Next leg from Glasgow to Paris was flown by Steve Kelly with Urs. I was just taking dinner, when i heard, that our poor MD-83 had experienced an explosive decompression (Mathijs, i'll charge you the repair costs! <lol>), so that they had to do an emergency descent and divert to London. After having the plane inspected, they got airborn again and continued on to Paris at low level flight. This leg got the absolute record score of 22 points (usual score would have been 16 to 17 points) of the whole competition - excellent job, Steve K. and Urs.
Now Richard/Steve K. took over the plane with the task to bring it to Madrid as fast as possible. In the preparation of the leg it was determined, that FL 310 would allow optimum time, and cruise at 0.84 mach would be called for (normal cruise 0.78, MMO being 0.86). And again, this leg was won by the ATP team, enhancing our lead quite significantly.
Steve Garry and Tonny Koops then took the burden (late night already) to fly to Athens via Rome. I heard, that I8O was trying a few bits and pieces on Satan on this leg, causing some lockups of our master computer. This caused some further delay on our side rebooting the machine and getting us back to the last saved mode file. When finally setup again, the machine locked up again 8-( (all in all 4 times), so that we got delayed by another hour or so, and now flew far behind the last FS5 team. Nonetheless, Steve/Tonny scored second place on this leg, and enhanced our lead further, as our direct competitor at this time scored even worse <g>. On the way to Athens Steve/Tonny scored third place, but again picked up a few points to our lead.
Now it was again my and Urs' turn to
get to Vienna. We were asked by I8O to speed up turn arounds and fly as
fast as possible in order to get back to flight schedule again, as the
competition had to end Sunday on time. So we hopped into the cockpit (with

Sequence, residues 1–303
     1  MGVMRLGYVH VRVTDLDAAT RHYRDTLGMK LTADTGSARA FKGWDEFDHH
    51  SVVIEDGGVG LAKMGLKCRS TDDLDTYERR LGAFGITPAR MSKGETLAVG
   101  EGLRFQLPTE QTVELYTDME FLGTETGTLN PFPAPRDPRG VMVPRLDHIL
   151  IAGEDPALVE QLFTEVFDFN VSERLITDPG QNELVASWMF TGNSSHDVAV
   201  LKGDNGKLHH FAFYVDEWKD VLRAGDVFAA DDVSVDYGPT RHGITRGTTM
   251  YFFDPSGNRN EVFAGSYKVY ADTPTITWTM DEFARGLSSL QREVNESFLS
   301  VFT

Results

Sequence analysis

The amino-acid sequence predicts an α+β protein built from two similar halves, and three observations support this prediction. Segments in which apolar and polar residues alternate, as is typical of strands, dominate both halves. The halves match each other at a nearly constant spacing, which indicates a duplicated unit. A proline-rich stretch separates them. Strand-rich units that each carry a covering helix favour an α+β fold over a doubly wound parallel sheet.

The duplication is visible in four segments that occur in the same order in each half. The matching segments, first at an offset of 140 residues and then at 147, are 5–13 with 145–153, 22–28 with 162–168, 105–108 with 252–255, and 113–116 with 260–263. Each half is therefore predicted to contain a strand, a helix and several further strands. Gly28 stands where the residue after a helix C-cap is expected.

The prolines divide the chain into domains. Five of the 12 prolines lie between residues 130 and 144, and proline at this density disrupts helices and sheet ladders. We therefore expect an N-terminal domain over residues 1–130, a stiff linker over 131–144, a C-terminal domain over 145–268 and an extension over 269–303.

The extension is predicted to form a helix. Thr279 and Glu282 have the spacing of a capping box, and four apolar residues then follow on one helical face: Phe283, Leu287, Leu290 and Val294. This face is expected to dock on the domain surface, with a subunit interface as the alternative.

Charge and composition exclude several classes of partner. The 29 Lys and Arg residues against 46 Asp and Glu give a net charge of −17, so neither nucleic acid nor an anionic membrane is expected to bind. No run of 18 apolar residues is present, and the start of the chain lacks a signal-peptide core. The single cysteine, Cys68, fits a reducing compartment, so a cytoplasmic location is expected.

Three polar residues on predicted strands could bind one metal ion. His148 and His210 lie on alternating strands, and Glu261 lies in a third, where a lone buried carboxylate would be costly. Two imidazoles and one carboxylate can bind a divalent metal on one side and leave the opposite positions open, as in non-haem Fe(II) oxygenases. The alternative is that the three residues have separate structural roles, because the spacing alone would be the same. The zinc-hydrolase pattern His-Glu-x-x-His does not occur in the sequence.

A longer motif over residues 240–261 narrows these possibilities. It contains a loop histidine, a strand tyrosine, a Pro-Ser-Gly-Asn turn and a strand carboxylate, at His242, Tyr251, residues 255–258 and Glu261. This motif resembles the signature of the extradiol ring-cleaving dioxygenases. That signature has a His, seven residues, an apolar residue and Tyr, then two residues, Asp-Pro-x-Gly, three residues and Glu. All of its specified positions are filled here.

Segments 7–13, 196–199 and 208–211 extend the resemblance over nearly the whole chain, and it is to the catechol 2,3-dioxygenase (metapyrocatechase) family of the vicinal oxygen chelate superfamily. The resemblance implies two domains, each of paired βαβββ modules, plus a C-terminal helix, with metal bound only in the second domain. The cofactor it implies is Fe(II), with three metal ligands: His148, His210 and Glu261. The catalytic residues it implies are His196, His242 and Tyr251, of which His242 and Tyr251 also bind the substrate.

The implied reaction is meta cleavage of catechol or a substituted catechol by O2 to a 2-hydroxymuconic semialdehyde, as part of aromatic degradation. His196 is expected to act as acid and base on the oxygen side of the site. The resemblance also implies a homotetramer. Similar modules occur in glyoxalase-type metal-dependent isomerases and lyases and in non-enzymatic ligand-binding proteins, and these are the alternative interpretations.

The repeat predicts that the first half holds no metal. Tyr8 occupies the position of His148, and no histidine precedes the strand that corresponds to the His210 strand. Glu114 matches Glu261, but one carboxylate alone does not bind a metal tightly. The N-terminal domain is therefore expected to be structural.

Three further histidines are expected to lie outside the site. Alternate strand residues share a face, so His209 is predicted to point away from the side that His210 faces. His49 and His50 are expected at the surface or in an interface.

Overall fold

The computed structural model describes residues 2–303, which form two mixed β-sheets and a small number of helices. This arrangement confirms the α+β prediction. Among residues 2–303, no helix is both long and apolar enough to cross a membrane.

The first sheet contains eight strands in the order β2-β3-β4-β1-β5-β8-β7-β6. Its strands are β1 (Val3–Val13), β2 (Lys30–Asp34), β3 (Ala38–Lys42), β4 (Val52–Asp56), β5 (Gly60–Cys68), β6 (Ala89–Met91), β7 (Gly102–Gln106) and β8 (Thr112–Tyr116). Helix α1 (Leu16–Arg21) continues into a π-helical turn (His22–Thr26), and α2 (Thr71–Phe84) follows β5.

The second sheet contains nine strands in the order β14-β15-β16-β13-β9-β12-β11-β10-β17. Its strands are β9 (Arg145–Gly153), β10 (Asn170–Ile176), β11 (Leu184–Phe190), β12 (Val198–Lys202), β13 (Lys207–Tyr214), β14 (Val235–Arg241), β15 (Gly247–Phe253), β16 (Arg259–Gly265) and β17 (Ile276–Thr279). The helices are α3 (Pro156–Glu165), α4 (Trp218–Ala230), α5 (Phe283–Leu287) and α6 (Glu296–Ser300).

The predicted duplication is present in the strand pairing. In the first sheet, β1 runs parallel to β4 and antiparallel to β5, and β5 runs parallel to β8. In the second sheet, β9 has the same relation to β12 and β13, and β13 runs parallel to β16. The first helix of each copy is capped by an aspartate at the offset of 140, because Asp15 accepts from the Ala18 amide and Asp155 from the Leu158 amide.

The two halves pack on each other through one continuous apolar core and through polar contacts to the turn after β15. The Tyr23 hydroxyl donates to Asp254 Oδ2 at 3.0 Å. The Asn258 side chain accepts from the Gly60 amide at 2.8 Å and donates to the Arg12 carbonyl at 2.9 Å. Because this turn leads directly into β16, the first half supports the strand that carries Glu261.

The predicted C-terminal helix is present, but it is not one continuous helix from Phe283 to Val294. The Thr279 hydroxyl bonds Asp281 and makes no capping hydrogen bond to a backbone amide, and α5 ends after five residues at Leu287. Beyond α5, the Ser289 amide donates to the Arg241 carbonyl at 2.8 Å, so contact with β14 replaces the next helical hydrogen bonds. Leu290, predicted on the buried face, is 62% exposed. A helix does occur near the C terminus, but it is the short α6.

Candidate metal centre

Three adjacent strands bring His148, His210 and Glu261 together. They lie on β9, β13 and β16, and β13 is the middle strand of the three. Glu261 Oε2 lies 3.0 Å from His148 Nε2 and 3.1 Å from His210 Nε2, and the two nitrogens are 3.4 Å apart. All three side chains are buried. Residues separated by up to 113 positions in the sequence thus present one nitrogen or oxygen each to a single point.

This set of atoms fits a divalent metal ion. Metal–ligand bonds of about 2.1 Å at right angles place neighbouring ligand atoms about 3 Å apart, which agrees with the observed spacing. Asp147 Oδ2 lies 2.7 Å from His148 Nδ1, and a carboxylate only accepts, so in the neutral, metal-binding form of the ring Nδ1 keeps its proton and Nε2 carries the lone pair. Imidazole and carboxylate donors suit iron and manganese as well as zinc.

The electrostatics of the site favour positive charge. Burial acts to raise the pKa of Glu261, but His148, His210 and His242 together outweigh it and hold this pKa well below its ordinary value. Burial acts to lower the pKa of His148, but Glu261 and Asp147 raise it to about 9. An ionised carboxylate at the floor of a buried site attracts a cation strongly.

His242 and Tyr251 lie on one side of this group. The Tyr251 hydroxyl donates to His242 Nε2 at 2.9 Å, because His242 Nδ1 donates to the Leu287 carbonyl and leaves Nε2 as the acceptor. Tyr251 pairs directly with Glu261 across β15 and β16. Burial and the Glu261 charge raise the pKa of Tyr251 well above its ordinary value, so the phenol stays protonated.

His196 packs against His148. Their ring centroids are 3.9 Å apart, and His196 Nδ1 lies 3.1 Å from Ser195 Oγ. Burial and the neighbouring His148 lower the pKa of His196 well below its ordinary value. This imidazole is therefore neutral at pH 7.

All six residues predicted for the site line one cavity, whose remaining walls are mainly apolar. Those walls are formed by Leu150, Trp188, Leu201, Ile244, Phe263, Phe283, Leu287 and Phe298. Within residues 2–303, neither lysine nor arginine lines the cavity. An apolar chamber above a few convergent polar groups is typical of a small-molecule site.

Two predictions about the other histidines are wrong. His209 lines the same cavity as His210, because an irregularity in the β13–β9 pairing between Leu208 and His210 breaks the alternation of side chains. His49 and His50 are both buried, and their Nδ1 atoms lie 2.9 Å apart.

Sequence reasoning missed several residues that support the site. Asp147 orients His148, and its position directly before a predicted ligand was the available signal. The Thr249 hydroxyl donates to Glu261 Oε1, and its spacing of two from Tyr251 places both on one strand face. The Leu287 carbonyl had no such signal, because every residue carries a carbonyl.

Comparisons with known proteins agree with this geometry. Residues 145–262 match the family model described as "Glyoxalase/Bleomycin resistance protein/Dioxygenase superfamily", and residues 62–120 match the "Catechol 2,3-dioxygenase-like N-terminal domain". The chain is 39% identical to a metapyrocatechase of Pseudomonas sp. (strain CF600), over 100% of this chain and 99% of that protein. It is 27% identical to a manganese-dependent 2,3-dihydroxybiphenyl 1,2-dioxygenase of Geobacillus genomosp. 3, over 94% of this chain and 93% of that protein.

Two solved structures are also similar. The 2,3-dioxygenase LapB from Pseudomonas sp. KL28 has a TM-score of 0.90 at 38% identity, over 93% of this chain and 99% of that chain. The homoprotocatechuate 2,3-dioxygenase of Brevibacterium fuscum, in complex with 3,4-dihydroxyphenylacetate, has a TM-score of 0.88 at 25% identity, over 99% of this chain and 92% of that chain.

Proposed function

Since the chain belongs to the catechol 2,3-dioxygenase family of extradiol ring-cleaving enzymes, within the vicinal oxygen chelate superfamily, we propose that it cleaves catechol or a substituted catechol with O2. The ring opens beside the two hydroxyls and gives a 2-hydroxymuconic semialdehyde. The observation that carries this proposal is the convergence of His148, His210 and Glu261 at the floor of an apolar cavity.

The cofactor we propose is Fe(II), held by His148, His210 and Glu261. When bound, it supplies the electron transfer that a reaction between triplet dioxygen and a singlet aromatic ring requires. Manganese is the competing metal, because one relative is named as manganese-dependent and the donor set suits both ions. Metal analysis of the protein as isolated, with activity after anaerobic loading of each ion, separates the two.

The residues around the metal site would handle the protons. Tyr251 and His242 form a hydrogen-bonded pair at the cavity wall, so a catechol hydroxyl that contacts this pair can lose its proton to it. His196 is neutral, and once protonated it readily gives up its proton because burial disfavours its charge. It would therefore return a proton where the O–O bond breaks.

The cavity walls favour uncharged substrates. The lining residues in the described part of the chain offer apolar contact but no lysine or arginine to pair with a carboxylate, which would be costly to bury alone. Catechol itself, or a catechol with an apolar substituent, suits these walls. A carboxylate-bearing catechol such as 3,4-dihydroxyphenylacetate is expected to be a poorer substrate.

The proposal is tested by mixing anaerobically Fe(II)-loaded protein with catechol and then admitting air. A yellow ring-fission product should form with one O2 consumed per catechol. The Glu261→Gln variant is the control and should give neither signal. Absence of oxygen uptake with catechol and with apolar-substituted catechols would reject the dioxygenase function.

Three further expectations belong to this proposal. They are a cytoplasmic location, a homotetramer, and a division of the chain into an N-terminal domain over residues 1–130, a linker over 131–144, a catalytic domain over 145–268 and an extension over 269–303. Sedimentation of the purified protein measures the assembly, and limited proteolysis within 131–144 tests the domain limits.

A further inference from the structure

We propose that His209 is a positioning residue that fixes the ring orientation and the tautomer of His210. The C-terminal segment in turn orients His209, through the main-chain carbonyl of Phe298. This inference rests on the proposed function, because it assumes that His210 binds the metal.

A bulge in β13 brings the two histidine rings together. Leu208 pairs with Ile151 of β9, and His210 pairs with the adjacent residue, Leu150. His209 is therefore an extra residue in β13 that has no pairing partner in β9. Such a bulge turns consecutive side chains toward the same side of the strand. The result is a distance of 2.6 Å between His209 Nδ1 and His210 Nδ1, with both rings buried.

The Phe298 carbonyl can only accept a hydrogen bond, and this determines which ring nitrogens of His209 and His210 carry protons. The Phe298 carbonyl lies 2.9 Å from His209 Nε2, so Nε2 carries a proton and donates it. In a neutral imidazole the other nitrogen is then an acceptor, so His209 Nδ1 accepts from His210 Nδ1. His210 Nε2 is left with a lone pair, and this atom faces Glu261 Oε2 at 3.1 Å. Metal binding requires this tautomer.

more than two hours delay - i just wonder, why i got up 5 am! <vbg>)
after a very serious flight preparation and briefing, needed about 5
minutes to set the cockpit up. Urs was still programming FMC and tuning
navaids, when i taxiied already to runway 15L. We had filed a route taking
us basicly straight up north, west of Belgrade, close to the no-fly zone
of Bosnia, further up to Graz and then inbound Vienna. However, ATC gave
us another clearance, so Urs started to reprogram the FMC like mad, while
i aligned with the runway <g>.
Within 20 miles we were down to
10.000 feet (at 4.500 fpm), and needed another 20 miles to get rid of our
speed <g>. We were advised to use NDB approach 29, as runway 34
(which we would have preferred because of wind) was closed and ILS for
runway 29 was inop. We could hear the other teams being spoken down on SRE
approach. A lot of go-arounds and missed approaches, and the skies were
stacked with planes waiting for the next attempt. So when we came close,
we were told to expect an approach delay, and were advised to descend to
4000, expecting to hold at Solenau. However, we found just the right
window and went straight in. NDB approach ruled out autopilot, so it was
clear, it was going to be a manual landing, with quite some crosswind (if
i recall right, 18 knots from 010).